Metaphysics of Science[edit]

Mumford was a project leader for The University of Nottingham in the AHRC (Arts & Humanities Research Council) funded three-year research project: the metaphysics of science. Mumford worked alongside Alexander Bird (Bristol)[7][8] and Helen Beebee (Birmingham)[9] within this project with their joint focus on "causes, laws, kinds, and dispositions". The project was described with the following abstract:

We naturally think that what happens in the universe is governed by laws of nature. We also think that events are causally related to other events, that things are naturally classified into kinds (physical, chemical and biological kinds, for example), and that at least some natural kinds have distinctive dispositions (for example, the disposition of NaCl to dissolve in water). This project explored how, or whether, all these distinct notions - law, cause, natural kind, disposition - can be made to fit together into a coherent and unified worldview. For example, must two causally related events be such that they are members of kinds that are lawfully related? Must those kinds be natural kinds? Are natural kinds distinguished from one another by the fact that members of different kinds are disposed to behave in different ways?[10][11]



Selected articles[edit]

  • "Passing Powers Around" (January 2009) — The Monist., vol. 92, no. 1
  • "Negative Truth and Falsehood" (November 2006) — Proceedings of the Aristotelian Society (forthcoming in print, available online via Blackwell-Synergy)
  • "The Ungrounded Argument" (April 2006) — Synthese., vol. 149, no. 3: 471-489
  • "Function, Structure, Capacity" (March 2006) — Studies In History and Philosophy of Science Part A., vol. 37, iss. 1: 76-80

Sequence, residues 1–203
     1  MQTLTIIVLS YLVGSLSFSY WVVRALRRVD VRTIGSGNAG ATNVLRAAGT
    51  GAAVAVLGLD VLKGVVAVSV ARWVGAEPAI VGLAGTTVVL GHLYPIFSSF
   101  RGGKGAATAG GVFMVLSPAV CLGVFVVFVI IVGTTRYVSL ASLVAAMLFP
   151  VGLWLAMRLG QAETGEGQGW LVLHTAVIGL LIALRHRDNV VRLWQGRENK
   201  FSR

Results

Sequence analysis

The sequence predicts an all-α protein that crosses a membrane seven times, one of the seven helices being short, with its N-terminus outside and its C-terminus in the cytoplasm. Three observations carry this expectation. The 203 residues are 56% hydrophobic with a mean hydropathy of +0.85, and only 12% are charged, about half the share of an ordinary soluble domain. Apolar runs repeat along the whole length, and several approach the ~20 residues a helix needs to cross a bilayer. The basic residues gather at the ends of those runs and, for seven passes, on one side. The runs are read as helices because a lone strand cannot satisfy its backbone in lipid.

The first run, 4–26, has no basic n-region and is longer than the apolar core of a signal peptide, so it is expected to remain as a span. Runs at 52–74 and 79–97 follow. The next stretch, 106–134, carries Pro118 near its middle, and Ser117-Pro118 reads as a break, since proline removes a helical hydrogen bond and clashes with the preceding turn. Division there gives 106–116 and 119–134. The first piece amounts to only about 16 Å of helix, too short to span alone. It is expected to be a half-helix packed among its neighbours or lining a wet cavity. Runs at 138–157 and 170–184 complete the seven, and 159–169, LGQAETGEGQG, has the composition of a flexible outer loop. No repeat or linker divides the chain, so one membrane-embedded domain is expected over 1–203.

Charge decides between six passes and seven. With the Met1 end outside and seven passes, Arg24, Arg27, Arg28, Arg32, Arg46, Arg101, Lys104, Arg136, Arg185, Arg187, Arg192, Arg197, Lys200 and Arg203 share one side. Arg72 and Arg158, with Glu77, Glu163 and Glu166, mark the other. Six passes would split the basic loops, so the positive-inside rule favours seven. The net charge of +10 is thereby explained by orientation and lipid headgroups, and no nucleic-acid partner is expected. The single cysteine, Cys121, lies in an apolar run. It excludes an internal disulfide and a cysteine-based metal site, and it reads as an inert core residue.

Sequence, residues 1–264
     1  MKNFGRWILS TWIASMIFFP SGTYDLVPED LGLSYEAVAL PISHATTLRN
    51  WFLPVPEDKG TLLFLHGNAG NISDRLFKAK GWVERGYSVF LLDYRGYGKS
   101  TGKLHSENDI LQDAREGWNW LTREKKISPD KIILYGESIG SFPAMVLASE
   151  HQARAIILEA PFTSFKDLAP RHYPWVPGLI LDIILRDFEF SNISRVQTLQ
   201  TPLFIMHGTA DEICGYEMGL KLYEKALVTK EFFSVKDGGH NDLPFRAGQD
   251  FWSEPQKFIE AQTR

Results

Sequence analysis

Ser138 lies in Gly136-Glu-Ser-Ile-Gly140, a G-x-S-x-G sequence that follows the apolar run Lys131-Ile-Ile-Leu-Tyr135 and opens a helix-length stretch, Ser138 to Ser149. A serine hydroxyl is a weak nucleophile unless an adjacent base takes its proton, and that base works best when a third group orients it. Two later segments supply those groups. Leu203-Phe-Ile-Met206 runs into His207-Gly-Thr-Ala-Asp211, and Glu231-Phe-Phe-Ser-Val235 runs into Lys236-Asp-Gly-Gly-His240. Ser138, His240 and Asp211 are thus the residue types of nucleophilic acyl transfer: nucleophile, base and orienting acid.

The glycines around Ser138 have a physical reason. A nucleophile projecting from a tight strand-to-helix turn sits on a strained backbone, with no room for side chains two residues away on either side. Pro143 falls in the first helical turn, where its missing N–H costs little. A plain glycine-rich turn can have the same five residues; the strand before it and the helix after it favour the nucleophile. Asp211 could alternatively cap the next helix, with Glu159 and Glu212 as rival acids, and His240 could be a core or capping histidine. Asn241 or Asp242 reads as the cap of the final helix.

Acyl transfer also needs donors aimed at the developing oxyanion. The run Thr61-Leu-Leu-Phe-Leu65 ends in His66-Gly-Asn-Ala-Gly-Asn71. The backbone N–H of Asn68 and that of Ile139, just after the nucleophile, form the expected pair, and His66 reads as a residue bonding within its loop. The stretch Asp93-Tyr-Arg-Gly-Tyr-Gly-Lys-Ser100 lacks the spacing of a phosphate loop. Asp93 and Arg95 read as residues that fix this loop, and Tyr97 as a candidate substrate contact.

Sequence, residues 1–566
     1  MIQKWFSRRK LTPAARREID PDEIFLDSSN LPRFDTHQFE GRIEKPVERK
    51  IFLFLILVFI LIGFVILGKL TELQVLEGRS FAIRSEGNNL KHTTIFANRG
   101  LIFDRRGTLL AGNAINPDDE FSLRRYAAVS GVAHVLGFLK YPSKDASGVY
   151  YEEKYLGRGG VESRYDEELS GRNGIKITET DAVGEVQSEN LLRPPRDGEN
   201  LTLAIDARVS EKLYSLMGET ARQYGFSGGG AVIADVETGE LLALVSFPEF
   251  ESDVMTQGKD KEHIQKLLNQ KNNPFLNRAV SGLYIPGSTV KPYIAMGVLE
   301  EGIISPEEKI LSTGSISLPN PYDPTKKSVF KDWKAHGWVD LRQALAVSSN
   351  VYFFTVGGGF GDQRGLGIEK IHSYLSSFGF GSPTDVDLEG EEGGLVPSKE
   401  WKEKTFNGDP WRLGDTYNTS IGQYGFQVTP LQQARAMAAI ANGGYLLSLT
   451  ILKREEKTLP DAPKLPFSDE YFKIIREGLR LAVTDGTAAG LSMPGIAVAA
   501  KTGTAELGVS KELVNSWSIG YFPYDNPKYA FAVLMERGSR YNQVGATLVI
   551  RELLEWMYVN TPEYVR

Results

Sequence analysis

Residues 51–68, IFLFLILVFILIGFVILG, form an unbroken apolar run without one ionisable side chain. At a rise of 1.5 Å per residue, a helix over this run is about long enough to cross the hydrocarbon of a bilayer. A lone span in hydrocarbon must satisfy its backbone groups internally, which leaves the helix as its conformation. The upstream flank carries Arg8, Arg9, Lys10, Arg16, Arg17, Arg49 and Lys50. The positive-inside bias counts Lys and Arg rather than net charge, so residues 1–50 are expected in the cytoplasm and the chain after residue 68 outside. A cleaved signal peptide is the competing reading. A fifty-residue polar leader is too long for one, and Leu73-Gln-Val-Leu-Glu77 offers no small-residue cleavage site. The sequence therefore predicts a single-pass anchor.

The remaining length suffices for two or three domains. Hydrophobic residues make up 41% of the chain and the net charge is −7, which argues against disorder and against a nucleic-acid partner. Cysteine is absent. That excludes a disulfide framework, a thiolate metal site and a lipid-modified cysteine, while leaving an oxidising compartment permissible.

• "Kinds, Essences, Powers" (December 2005) — Ratio., vol. 18, iss. 4: 420-436
  • "The True and the False" (June 2005) — Australasian Journal of Philosophy., vol. 83, no.2: 263-269
  • "Laws and Lawlessness" (April 2005) — Synthese., vol. 144, no. 3: 397-413
  • "Realism and the Conditional Analysis of Dispositions: Reply to Malzkorn" (July 2001) — The Philosophical Quarterly., vol. 51, no. 204: 375-378
    • Wolfgang Malzkorn: "Realism, Functionalism and the Conditional Analysis of Dispositions" (October 2000) — The Philosophical Quarterly., vol. 50, no. 201: 452-469
  • "Miracles: Metaphysics and Modality" (June 2001) — Religious Studies., vol. 37, no.2: 191-202
    • Steve Clarke: "Response to Mumford and another definition of miracles" (December 2003) — Religious Studies., vol. 39, no. 4: 459-463
    • Morgan Luck: "In defence of Mumford's definition of a miracle" (December 2003) — Religious Studies., vol. 39, no. 4: 465-469
    • Steve Clarke: "Luck and miracles" (December 2003) — Religious Studies., vol. 39, no. 4: 471-474
  • "Normative and Natural Laws" (April 2000) — Philosophy., vol. 75, no. 292: 265-282
  • "Intentionality and the Physical: A New Theory of Disposition Ascription" (April 1999) — The Philosophical Quarterly., vol. 49, no. 125: 215-225
    • Ullin T. Place: "Intentionality and the Physical: A Reply to Mumford" (April 1999) — The Philosophical Quarterly., vol. 49, no. 125: 225-231
  • "Laws of Nature Outlawed" (June 1998) — dialectica., vol. 52, no. 2: 83-101
  • "Conditionals, Functional Essences and Martin on Dispositions" (January 1996) — The Philosophical Quarterly., vol. 46, no. 182: 86-92
  • "Ellis and Lierse on Dispositional Essentialism" (December 1995) — Australasian Journal of Philosophy., vol. 73, no.4: 606-612
  • "Dispositions, Bases, Overdetermination and Identities" (April 1995) — Ratio., vol. 8, iss. 1: 42-62
  • "Dispositions, Supervenience and Reduction" (October 1994) — The Philosophical Quarterly., vol. 44, no. 177: 419-438
  • "Dispositions" (Summer 1994) — Cogito., vol. 8: 141-146
  • "A Puzzle About Causation" (Autumn 1993) — Philosophy Now., vol. 7: 23-30


  1. ^ The University of Nottingham: Department of Philosophy -
  2. ^ "Powers" (ed. 2003) -
  3. ^ Molnar, G. "Powers: A Study in Metaphysics" (2003): 16
  4. ^ Molnar, G. "Powers: A Study in Metaphysics" (2003): vii
  5. ^ Anstey, P. Book Review: "La structure du monde: objets, propriétés, états de choses" (2006); dialectica., vol. 60, no. 1: 93-96
  6. ^ Molnar, G. "Powers: A Study in Metaphysics" (2003): 16-17
  7. ^ Alexander Bird -
  8. ^ Alexander Bird (Research) -
  9. ^ Helen Beebee -
  10. ^ Metaphysics of Science: Homepage -
  11. ^ Research - Department of Philosophy: University of Nottingham -
  12. ^ Leeds University Library -

External links[edit]